John wrote 'She Came In Through the Bathroom Window and Carry That Weight in memory of this tragic event.
With the imminent release of the now renamed Abbey Road, the need to replace Paul became apparent. Searching no further than their fellow stained glass students a young lad of small frame and poor complexion was chosen, it seems not for his resemblance to Paul, but for his skill at cutting compound angles in flat 1/4" lead. Going by the name of Mikey, his lack of songwriting skills (as Paul) (send letters care of Ed, 703 The Queensway…) were immaterial to the remaining group members.
It was at this exact moment that Ringo first coined his famous phrase- “Peace and Lead, Peace and Lead” (see photos above).

Thursday, 11 November 2010

The Last 96 Dichro Sheets

Uroboros Black Radium Mixture Fusion
 Spectrum Black Green/Magenta
 Spectrum Clear Emerald CRINKLIZED!
 Spectrum Murano Spirit Silver
 Uroboros Black Mardis Gras Cyan/Copper

Pictures of our new Bullseye 90 coe dichroics to follow

A couple of notes- 
1) many of the above sixty or so sheets pictured come on a thin base as well as regular thickness making them particularly handy for jewelry work.
2) the crinklized texture is a surface crazing that is unbelievably cool, but only occurs when fired. It even happens when capped. Go here to see some samples of how it looks or just come n and see it in person!

Yup, Still More Dichro!

Uroboros Black Magenta/Green Splatter
 Spectrum Black Green/Magenta Blue Fusion
 Spectrum Clear Red/Silver Blue  Spectrum CRINKLIZED!
 Spectrum Clear Cord Silver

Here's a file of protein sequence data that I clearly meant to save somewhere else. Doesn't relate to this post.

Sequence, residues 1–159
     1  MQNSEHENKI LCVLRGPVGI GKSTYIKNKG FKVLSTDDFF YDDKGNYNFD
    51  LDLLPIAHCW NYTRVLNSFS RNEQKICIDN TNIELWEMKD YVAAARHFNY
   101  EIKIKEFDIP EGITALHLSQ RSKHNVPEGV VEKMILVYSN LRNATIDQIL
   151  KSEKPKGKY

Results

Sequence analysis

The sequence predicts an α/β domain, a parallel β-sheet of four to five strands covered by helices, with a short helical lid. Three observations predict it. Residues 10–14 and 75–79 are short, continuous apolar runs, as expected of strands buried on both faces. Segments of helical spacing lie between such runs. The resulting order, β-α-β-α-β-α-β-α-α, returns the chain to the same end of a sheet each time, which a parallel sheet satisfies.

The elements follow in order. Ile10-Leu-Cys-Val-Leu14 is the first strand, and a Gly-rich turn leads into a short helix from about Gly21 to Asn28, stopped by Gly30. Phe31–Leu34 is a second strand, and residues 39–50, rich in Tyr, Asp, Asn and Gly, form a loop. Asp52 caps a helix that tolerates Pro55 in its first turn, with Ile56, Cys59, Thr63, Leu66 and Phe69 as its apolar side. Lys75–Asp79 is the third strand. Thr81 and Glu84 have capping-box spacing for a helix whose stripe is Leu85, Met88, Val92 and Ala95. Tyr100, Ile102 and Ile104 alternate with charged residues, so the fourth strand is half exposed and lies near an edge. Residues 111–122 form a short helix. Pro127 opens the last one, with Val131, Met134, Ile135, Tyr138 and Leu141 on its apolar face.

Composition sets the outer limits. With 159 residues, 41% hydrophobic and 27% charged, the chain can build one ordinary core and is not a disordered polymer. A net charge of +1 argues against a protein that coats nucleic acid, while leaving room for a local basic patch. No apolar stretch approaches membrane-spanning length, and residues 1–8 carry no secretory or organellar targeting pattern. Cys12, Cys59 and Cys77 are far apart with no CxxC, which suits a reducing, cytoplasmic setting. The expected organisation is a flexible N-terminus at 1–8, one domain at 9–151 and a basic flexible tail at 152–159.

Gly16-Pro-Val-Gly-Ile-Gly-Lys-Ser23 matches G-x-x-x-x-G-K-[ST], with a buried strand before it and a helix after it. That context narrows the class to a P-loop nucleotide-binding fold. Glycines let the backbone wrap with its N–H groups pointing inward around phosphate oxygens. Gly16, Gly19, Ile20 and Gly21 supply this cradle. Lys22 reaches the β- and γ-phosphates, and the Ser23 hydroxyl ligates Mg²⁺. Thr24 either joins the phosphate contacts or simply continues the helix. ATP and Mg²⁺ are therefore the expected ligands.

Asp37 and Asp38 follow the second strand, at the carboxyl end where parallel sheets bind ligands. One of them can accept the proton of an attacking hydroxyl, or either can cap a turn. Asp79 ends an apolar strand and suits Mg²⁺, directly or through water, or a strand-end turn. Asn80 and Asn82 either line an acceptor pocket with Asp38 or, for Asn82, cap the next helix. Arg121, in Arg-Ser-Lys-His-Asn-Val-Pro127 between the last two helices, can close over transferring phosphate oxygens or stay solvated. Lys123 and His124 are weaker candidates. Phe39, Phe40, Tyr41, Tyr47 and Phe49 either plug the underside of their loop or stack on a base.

Spectrum Clear Cord Black Cherry

Wednesday, 10 November 2010

More CBS Dichroic (Mostly 96coe) for Fusing

Spectrum Black Mixture Puzzle CRINKLIZED!
 Spectrum Clear Green/Magenta Blue CRINKLIZED!
  Spectrum Clear Cord Aqua
 Spectrum Black Rainbow Square 2
 Spectrum Black Silver Fusion

Still Unpacking Our CBS Dichroic Glass Order...

... and remember- no U.S. surcharge!
Spectrum Clear Black Cherry CRINKLIZED!
 Uroboros Black Candy Apple Red Splatter
Uroboros Black mardis Gras on Clear Rainbow 2
Spectrum Black Green/Magenta Blue CRINKLIZED!
Spectrum Black Cyan/Dark Red Aurora Borealis

Employee of the Month Sad It's Already the 10th

Toronto, ON- Dan Savus, a housewears department shelf stocker and occassional cashier at Acme Glass, expressed sadness Wednesday over the rapidly approaching end to his reign as Employee of the Month. Fellow employees didn't have the heart to tell Mr. Savus his reign had actually ended three years ago...

In All Our Euphoria...

... taking delivery of our huge CBS dichroic glass order we almost forgot about the U.S. surcharge we are charged from our OOCSGS. Yes, it's true- our dollar has been within .05 of one percent for a week now yet OOCSGS thinks it's still okay to add on a 2.9%. 

Spectrum Black (96) Cyan/Copper Fusion

 Spectrum Clear Cyan/Copper
 Spectrum Smooth Trio for Dramatic Effect
 Spectrum Black Green/Magenta CRINKLIZED!
 Spectrum Black Cyan/Copper CRINKLIZED!
 Spectrum Black Green/Magenta Blue Pixie Stix

Spectrum Black (96) Red/Silver CRINKLIZED!

 Spectrum Black (96) Mixture CRINKLIZED!
 Spectrum Black Yellow/Blue
 Uroboros Black Mardis Gras on Clear Silver 
 Spectrum Black Rainbow 1 Hot Lava